Leveling Up: How to break into the games industry as a Community Manager

Tips and advice on breaking into the games industry as a Community Manager


There’s no magic tricks or simple way to become a Community Manager. Most of the time it is about timing and luck. However, there are a few things which you can do to put yourself ahead of the competition.

Apply to smaller studios and indies

Normally it is harder to enter a big company like EA or Riot as a Community Manager without any experience. Often these positions are filled internally by employees who are already familiar with the product(s).

Smaller studios don’t always realize they need a CM until it is waved in front of their faces. If they do realize, they just don’t have the time or energy to advertise and recruit. Proactive CMs can capitalize on this and apply to studios before they even advertise, giving you a head start on the competition.

Make use of tools like Gamedevmap or Google Docs to search for lesser known studios in your area, or alternatively search for remote jobs on indie boards and forums. Just because they don’t have an advert up, doesn’t mean they aren’t hiring!

Get active in a game community (or start your own)

Do you have a particular game you are passionate about? Are you already a member of  a gaming community? Work within this community to develop, manage and grow it.

Most communities need volunteer moderators and admins, and you normally have to prove yourself by being an active and contributing member of the community. But once you are involved in a community it is a great chance to get hands on experience.

You never know, your community work may also get you noticed by the developers. There have been many stories of volunteer community enthusiasts who have gone on to be employed by the developers at a future date.

Take online courses or have a related degree

You don’t necessarily need a university degree to get into the games industry, but having demonstrable skills and knowledge in related areas is a positive eg., Communications, PR, Marketing, Social Media etc.

You can also get certified in online courses and teach yourself the basics from there. It’s a bonus if the course is taught by a well recognized institution, such as CMX Hub or The Community Roundtable, but not necessary. These are generally expensive, and there are a lot of good alternative options available on Coursera, Udemy and Khan Academy.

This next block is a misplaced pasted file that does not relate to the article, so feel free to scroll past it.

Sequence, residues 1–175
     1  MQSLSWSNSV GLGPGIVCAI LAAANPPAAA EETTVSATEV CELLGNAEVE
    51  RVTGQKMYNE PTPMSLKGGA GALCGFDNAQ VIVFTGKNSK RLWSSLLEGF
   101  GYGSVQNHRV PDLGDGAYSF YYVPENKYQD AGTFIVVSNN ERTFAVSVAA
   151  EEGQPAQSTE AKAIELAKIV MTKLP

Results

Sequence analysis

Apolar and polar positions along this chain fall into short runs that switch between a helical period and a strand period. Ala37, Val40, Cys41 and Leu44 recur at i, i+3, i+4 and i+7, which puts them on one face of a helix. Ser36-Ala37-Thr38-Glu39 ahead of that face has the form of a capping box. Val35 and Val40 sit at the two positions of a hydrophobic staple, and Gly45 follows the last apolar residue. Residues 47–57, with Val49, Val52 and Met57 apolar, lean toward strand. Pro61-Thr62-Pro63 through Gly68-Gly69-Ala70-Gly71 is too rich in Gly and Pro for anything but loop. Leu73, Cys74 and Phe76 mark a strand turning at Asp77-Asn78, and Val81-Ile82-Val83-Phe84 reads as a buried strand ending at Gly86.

Network and volunteer

Ah yes, this old clinché. No matter how old the phrase gets it is still relevant. Network in all the industry related events you can, talk to people and get out of your comfortzone. It’s a good sign when people start to recognise your face.

Go to industry events that aren’t necessarily Community orientated, but provide a good opportunity for you to listen, learn and ask questions to other industry insiders. It’s good to know about all areas of development and understand how they function and work together. As a community manager you will need to work closely with QA, PR, Marketing, Development, Customer Support etc.

Volunteer at industry events, this looks good on your CV and shows you are involved. It’s a great way to get free entry to the more expensive events, as well as getting a glimpse of how events are run. You may have to do this one day yourself, so treat it as a valuable learning experience. Some big events that look great on your CV are GDC, Comic Con, PAX, Dreamhack, E3 – but don’t forget about your local ones too!

Find a mentor or specialist forum

Finding a one-to-one mentor is probably one of the harder things to successfully do, but there are people in the games industry who want to mentor new beginners to the industry.

Sometimes the IDGA have open mentor programs or you can look up chapters in your area. If you’re in school or university, try talking to your teachers to see if they have any contacts. You can also try writing to different studios in your area (though don’t be dejected, most studios are extremely busy and don’t always have the resources to do this). A quick tip for getting a response from studios is to contact them via email and ask a couple of short and very specific questions. Do not overface them with a long list and try not to be general or have too many open ended questions.

If you don’t manage to secure your own mentor, online forums and Discord can also be of great value. You have a collective wealth of knowledge at your fingertips from groups of experts – just don’t be afraid to put yourself forward and ask! Try the Extra Credits, Game Dev League and Reddit GameDev Discord channels.

Persistence (without being pushy)

This one is tricky to get a good balance between. You should try and make yourself stand out to developers and studios, but in a non intrusive way. Send your CV in every few months and be gracious with the rejections. Make sure you update your CV often to reflect your achievements in the months between your previous application. Good companies will and do notice this and we want to see personal growth.

Keep working on your own projects and communities, and stay on top of the latest news and research in both community and game developer fields. Use your time wisely to contribute to activities which pay off: developing your skills and further your learning and understanding.

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